The Pros And Cons Of Negative Interest Rates Policy (NIRP)
(4 min read)
As central banks go deeper into unconventional policies, there is increasing speculation that more of them will engage in negative interest rates policies (NIRP). Even the Fed may consider this. We therefore pull together some of the latest academic thinking on the topic. In this Deep Dive, we focus on two papers one by the ECB and another by some Swedish academics. As you’d expect the ECB paints a more positive light, which is not surprising as they have maintained their NIRP policy. The Swedish analysis, however, argues that NIRP promotes financial bubbles, and therefore should be used with caution.
The ECB View
Given the ECB has maintained negative rates, their analysis would naturally suggest it has worked. According to their studies, for the period 2014-2019 (ECB first cut rates to negative in 2014), they found that financial markets responded positively to the move to negative rates:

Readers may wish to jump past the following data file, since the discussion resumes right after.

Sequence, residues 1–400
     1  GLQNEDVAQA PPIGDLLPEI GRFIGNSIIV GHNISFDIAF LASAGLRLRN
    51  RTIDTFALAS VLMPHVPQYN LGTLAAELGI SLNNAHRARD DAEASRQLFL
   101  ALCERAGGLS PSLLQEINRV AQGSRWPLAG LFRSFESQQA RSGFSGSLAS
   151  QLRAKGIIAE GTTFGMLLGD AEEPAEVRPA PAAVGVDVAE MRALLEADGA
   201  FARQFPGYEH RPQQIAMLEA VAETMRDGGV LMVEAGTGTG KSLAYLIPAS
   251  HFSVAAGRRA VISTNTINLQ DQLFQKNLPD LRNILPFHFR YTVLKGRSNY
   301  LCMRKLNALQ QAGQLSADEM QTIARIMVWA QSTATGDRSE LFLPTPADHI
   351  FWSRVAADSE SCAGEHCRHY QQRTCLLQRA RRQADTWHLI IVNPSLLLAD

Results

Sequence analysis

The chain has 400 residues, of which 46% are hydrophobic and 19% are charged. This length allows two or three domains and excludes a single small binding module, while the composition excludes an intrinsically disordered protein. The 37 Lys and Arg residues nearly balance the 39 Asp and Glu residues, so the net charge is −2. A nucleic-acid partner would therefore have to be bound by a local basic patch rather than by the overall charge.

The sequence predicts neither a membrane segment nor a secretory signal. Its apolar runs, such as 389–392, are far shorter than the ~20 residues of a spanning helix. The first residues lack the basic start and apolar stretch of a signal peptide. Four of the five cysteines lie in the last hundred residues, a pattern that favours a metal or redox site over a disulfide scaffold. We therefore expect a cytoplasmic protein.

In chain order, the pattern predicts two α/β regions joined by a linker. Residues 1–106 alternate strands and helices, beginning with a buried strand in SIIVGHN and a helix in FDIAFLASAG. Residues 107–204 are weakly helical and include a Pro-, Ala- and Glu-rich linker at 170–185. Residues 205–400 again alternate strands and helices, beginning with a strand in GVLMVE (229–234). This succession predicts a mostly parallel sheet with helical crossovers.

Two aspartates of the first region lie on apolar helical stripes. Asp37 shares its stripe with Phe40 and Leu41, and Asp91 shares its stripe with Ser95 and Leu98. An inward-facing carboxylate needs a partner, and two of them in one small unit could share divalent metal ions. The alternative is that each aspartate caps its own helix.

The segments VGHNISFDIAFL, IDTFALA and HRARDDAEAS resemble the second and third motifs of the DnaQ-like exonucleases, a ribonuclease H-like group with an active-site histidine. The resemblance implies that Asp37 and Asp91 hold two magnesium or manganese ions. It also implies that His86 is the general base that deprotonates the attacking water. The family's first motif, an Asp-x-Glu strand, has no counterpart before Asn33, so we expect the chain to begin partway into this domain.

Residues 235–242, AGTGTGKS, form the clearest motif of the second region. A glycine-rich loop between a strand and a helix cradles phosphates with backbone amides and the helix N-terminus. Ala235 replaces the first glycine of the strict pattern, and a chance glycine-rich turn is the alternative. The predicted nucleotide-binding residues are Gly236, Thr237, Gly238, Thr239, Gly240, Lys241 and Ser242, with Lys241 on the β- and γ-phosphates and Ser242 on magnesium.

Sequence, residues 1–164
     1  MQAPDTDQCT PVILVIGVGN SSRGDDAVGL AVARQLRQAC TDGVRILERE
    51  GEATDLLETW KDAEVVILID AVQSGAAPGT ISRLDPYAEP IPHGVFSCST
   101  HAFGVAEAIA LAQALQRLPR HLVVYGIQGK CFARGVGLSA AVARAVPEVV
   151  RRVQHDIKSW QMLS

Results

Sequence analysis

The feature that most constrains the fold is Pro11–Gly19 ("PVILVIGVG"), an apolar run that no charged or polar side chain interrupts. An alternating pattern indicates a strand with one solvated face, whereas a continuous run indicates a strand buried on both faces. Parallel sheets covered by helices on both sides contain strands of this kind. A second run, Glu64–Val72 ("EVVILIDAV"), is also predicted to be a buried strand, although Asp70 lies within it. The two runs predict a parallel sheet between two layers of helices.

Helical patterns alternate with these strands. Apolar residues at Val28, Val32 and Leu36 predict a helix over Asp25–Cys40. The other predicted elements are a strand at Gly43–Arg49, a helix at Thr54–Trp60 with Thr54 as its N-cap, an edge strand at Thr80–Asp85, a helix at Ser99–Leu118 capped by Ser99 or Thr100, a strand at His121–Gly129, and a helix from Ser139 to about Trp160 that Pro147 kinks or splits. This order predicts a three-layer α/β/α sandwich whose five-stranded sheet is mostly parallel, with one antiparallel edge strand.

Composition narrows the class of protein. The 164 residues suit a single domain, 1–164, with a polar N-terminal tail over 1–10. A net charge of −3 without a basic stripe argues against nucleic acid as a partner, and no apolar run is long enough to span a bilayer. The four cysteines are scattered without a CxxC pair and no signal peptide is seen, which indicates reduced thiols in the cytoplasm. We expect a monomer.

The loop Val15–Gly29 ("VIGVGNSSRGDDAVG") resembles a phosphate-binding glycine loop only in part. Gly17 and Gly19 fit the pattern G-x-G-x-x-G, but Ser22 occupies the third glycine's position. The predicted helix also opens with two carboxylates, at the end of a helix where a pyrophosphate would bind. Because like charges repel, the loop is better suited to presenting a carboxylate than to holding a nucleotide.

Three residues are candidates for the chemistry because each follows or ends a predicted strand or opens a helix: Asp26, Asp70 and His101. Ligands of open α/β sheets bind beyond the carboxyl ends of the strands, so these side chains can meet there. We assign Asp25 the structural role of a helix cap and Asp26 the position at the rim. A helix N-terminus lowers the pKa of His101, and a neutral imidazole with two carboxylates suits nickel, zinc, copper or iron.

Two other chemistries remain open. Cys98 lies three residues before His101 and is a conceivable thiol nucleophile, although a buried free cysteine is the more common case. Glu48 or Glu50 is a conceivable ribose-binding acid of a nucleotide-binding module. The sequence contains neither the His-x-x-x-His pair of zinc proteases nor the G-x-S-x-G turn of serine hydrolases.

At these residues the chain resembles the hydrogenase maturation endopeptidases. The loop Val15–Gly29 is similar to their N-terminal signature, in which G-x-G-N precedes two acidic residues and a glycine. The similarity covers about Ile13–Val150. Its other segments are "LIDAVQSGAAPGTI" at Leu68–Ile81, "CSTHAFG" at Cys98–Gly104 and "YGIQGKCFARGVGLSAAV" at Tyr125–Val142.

Short-term euro-area yields followed the 50 basis point reduction in the Deposit Facility Rate at a level of almost one for one. EONIA rates in the interbank market also fell.
Ten-year yields declined by around 130 basis points over the same period, i.e. exceeding the decline at the short end of the curve.
Investment grade corporate bond yields of non-financial corporations (NFCs) decreased by roughly 120 basis points.
Euro area equity prices increased by close to 25%.
As for the broader economic impact, they found the following:
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